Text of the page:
Table of Contents


ftnchek - Fortran program checker


ftnchek [ -arguments=num ] [ -array=num ] [ -[no]calltree ] [ -columns=num ] [ -common=num ] [ -[no]crossref ] [ -[no]declare ] [ -[no]division ] [ -[no]extern ] [ -[no]f77 ] [ -[no]help ] [ -[no]hollerith ] [ -include=str ] [ -[no]library ] [ -[no]list ] [ -[no]novice ] [ -output=str ] [ -[no]portability ] [ -[no]pretty ] [ -[no]project ] [ -[no]pure ] [ -[no]reference ] [ -[no]sixchar ] [ -[no]sort ] [ -[no]symtab ] [ -[no]truncation ] [ -usage=num ] [ -[no]verbose ] [ -[no]volatile ] [ -wordsize=num ] [ -wrap=num ] [ files ... ]


ftnchek (short for Fortran checker) is designed to detect certain errors in a Fortran program that a compiler usually does not. ftnchek is not primarily intended to detect syntax errors. Its purpose is to assist the user in finding semantic errors. Semantic errors are legal in the Fortran language but are wasteful or may cause incorrect operation. For example, variables which are never used may indicate some omission in the program; uninitialized variables contain garbage which may cause incorrect results to be calculated; and variables which are not declared may not have the intended type. ftnchek is intended to assist users in the debugging of their Fortran program. It is not intended to catch all syntax errors. This is the function of the compiler. Prior to using ftnchek, the user should verify that the program compiles correctly.

This document first summarizes how to invoke ftnchek. That section should be read before beginning to use ftnchek. Later sections describe ftnchek's options in more detail, give an example of its use, and explain how to interpret the output. The final sections mention the limitations and known bugs in ftnchek.


ftnchek is invoked through a command of the form:

$ ftnchek [-option -option ...] filename [filename ...]

The brackets indicate something which is optional. The brackets themselves are not actually typed. Here options are command-line switches or settings, which control the operation of the program and the amount of information that will be printed out. If no option is specified, the default action is to print error messages, warnings, and informational messages, but not the program listing or symbol tables.

Each option begins with the `-' character. (On VAX/VMS or MS-DOS systems you may use either `/' or `-'.) The options are described at greater length in the next section. ftnchek options fall into two categories: switches, which are either true or false, and settings, which have a numeric or string value. The name of a switch is prefixed by `no' to turn it off: e.g. -nopure would turn off the warnings about impure functions. The `no' prefix can also be used with numeric settings, having the effect of turning off the corresponding warnings. Only the first 3 characters of an option name (not counting the `-') need be provided.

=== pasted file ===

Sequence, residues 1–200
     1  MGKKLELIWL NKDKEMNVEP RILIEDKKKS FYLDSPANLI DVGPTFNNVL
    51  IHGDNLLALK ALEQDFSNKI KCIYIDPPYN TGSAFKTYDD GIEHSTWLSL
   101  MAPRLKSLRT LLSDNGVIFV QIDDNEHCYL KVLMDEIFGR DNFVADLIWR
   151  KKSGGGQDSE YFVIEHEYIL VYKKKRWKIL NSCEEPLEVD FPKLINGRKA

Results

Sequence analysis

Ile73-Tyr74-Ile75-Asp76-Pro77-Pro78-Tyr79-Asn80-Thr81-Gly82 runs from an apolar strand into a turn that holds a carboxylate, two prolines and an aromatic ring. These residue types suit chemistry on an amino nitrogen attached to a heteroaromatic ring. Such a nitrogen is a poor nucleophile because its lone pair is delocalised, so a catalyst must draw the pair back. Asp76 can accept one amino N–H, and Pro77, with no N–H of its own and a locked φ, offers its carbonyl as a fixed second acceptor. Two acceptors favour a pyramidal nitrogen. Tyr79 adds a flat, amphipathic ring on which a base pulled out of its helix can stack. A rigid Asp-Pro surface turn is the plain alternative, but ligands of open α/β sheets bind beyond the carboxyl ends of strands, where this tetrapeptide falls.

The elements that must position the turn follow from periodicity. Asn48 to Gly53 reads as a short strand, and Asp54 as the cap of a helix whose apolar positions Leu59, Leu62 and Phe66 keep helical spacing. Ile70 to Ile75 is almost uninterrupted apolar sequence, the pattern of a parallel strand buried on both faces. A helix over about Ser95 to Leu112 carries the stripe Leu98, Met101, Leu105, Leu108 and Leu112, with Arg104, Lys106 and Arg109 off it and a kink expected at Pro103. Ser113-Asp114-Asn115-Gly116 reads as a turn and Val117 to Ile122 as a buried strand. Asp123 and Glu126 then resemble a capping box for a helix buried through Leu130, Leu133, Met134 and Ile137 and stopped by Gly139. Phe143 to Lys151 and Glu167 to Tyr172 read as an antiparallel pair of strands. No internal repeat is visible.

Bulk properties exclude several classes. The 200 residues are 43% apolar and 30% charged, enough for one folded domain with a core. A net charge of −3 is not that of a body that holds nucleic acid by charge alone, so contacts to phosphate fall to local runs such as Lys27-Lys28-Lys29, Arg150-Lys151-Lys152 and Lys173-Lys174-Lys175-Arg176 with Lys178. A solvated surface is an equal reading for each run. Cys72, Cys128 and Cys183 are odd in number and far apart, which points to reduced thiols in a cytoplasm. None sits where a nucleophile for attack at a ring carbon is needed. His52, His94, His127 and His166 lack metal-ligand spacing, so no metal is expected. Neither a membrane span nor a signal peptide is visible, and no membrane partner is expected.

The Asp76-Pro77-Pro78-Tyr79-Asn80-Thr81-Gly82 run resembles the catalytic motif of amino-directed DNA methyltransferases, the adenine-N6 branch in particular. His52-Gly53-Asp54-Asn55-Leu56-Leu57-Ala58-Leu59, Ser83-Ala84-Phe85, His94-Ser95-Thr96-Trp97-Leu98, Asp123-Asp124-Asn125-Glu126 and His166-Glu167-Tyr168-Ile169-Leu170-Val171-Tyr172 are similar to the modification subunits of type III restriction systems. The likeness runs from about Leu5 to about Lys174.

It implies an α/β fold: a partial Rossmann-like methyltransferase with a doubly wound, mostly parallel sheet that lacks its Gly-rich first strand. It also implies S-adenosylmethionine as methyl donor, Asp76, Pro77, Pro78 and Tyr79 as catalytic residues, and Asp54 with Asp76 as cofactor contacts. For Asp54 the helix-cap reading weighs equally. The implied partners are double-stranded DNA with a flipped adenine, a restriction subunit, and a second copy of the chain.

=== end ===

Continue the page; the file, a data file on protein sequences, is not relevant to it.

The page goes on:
The switches and settings which ftnchek currently recognizes are:

Set level of strictness in checking subprogram arguments. Min is 0 (no checking). Max is 3 (most checking). Default = 3.

Set level of strictness in checking array arguments of subprograms. Min is 0 (least strict). Max is 3 (most strict). Default = 3.

Print tree of subprogram call hierarchy. Default = no.

Set maximum line length to n columns. (Beyond this is ignored.) Max is 132. Default = 72.

Set level of strictness in checking COMMON blocks. Min is 0 (no checking). Max is 3 (must be identical). Default = 3.

Print cross-reference list of subprogram calls and COMMON block use. Default = no.

Print a list of all identifiers whose datatype is not explicitly declared. Default = no.

Warn wherever division is done (except division by a constant). Default = no.

Warn if external subprograms which are invoked are never defined. Default = yes.

-f77 Warn about extensions to the Fortran 77 standard. Default = no.

Print command summary. Default = no.